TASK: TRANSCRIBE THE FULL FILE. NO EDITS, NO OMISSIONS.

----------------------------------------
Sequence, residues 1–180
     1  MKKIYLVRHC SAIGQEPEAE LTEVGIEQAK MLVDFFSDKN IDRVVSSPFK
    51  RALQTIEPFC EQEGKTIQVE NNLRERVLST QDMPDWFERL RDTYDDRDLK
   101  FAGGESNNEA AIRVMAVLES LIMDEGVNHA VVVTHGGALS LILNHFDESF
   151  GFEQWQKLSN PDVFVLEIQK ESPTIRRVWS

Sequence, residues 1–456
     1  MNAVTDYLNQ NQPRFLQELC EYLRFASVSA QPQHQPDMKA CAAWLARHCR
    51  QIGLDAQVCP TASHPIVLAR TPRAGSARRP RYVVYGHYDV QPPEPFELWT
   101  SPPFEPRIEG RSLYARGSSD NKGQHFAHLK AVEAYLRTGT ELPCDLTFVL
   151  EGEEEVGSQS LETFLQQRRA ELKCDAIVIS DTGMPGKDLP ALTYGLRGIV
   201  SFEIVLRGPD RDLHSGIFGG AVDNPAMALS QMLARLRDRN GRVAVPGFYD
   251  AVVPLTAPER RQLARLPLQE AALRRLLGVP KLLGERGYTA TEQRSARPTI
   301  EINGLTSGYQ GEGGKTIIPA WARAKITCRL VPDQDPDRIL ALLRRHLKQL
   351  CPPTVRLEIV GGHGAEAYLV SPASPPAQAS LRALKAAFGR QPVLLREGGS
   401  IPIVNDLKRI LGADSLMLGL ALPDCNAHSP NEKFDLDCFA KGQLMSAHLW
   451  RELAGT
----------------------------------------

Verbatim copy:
Sequence, residues 1–180
     1  MKKIYLVRHC SAIGQEPEAE LTEVGIEQAK MLVDFFSDKN IDRVVSSPFK
    51  RALQTIEPFC EQEGKTIQVE NNLRERVLST QDMPDWFERL RDTYDDRDLK
   101  FAGGESNNEA AIRVMAVLES LIMDEGVNHA VVVTHGGALS LILNHFDESF
   151  GFEQWQKLSN PDVFVLEIQK ESPTIRRVWS

Sequence, residues 1–456
     1  MNAVTDYLNQ NQPRFLQELC EYLRFASVSA QPQHQPDMKA CAAWLARHCR
    51  QIGLDAQVCP TASHPIVLAR TPRAGSARRP RYVVYGHYDV QPPEPFELWT
   101  SPPFEPRIEG RSLYARGSSD NKGQHFAHLK AVEAYLRTGT ELPCDLTFVL
   151  EGEEEVGSQS LETFLQQRRA ELKCDAIVIS DTGMPGKDLP ALTYGLRGIV
   201  SFEIVLRGPD RDLHSGIFGG AVDNPAMALS QMLARLRDRN GRVAVPGFYD
   251  AVVPLTAPER RQLARLPLQE AALRRLLGVP KLLGERGYTA TEQRSARPTI
   301  EINGLTSGYQ GEGGKTIIPA WARAKITCRL VPDQDPDRIL ALLRRHLKQL
   351  CPPTVRLEIV GGHGAEAYLV SPASPPAQAS LRALKAAFGR QPVLLREGGS
   401  IPIVNDLKRI LGADSLMLGL ALPDCNAHSP NEKFDLDCFA KGQLMSAHLW
   451  RELAGT